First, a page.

Geophysical applications of a novel and robust L1 solver

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# Simple Kirchhoff Inversion

Kirchhoff migration was widely used before the era of wave-equation migration for marine data, and is still the principle migration method for land data. It always involves summing over or spreading along certain travel-time surfaces in 3-D, which reduce to curves in 2-D. For the purpose of testing our solver, we define the forward operator to be the Kirchhoff modeling operator, whose adjoint is the traditional Kirchhoff migration operator.

We formulate the inversion problem as follows:

 (11) (12)

where is the forward Kirchhoff modeling operator, is the subsurface reflectivity model, and is the seismic response recorded at the surface. The second equation is a damping term, where the hybrid-norm is applied to retrieve the sparse model.

In field acquisition, data usually have denser sampling rates in the in-line direction than the cross-line direction. Therefore, the surface-recorded data are always aliased in the cross line direction. To illustrate the problem in the cross-line direction, figure 3 shows an example of highly aliased hyperbolas.The aliasing makes the inversion problem an underdetermined problem; therefore, the result of the inversion relies heavily on the regularization. With the model space sampling being , the sampling of data space is only . Also note that some of the hyperbolas are not symmetric; therefore the tops of the hyperbolas are shifted.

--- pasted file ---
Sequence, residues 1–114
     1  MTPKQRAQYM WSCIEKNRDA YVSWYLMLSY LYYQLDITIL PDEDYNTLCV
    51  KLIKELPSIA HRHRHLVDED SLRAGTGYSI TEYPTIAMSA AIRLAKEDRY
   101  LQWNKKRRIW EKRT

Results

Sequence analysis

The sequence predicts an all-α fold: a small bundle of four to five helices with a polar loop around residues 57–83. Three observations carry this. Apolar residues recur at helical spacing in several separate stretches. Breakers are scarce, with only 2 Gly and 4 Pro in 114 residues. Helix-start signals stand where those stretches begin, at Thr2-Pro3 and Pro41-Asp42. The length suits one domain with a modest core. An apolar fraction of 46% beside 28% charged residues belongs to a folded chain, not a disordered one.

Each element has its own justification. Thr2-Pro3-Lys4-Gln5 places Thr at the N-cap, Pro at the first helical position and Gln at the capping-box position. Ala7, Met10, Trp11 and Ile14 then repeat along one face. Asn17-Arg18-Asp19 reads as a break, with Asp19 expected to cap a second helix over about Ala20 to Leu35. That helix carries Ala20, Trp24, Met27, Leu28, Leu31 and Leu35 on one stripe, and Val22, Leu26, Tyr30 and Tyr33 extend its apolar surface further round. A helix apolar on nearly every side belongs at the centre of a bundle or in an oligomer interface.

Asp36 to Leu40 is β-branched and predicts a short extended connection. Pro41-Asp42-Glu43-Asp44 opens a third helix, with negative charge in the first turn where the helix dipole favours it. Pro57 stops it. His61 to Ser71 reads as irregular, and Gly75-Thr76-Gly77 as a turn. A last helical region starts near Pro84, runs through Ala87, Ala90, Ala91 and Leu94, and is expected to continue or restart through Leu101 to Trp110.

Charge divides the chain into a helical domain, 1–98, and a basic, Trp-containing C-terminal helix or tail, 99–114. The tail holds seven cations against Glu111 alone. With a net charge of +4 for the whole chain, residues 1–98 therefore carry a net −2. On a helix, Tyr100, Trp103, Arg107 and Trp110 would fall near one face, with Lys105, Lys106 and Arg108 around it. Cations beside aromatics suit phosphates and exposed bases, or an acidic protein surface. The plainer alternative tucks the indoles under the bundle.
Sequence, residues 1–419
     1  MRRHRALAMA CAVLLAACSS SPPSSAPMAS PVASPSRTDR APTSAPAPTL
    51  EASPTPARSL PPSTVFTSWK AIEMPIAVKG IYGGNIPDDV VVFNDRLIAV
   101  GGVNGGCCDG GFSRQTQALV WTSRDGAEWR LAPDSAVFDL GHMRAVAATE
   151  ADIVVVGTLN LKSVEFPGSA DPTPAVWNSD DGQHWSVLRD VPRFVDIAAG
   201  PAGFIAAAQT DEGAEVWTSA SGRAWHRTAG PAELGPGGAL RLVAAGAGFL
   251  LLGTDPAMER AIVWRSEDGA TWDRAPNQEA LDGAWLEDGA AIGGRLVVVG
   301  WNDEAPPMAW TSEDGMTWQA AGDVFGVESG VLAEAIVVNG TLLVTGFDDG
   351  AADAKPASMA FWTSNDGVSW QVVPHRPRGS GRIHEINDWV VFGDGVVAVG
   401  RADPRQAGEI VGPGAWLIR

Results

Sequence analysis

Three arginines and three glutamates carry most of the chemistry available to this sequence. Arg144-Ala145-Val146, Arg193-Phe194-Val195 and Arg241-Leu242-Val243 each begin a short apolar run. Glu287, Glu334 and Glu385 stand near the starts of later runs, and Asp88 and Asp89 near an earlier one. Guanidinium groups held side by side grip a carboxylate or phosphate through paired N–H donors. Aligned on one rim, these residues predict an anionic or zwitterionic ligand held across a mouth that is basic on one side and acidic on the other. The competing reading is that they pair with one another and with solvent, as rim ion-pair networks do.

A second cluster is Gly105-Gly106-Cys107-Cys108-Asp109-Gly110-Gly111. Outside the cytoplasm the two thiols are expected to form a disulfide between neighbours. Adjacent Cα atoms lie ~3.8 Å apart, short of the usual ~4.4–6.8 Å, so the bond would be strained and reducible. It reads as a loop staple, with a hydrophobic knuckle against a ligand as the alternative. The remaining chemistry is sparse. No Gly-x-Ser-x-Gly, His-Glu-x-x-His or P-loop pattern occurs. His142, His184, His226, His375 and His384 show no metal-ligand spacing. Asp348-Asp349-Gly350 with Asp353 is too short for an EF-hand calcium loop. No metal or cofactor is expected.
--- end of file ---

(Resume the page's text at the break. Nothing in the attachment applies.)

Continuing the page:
Same as the previous example, we experimented with different solvers: L2, IRLS and hybrid, to compare their results.

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Figure 3.
Highly aliased hyperbola. Input data for the Kirchhoff inversion.

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Figure 4.
Original model and inversion results by different methods. Top left: original model; Top right: Hybrid result with CD; Bottom left: Hybrid result with IRLS; Bottom right: L2 result with CD.

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Figure 5.
Data reconstructed by the hybrid solver with CD. The CD hybrid solver accurately recovers the original data. Notice the hyperbola with its top at the left edge is well resolved.

Figure 4 shows the inversion results with different schemes. The results show that the hybrid norm is superior for retrieving the spiky result that resembles the original model the best. Although severely aliased, the inversion result recovers the exact position, the correct size and most of the amplitude. Notice that the CD hybrid solver recovers the very low amplitude spike at the left edge. This promising result suggests that by choosing the regularization properly, we can overcome the aliasing problem in the presence of a sparse model.

Figure 5 shows the reconstructed data from the CD hybrid solver. The original data are accurately recovered. Notice the hyperbola with its top at the left edge is well resolved.

 Geophysical applications of a novel and robust L1 solver

Next: Velocity Analysis as Inversion Up: Li et al.: Robust Previous: Dix inversion of interval

2010-05-19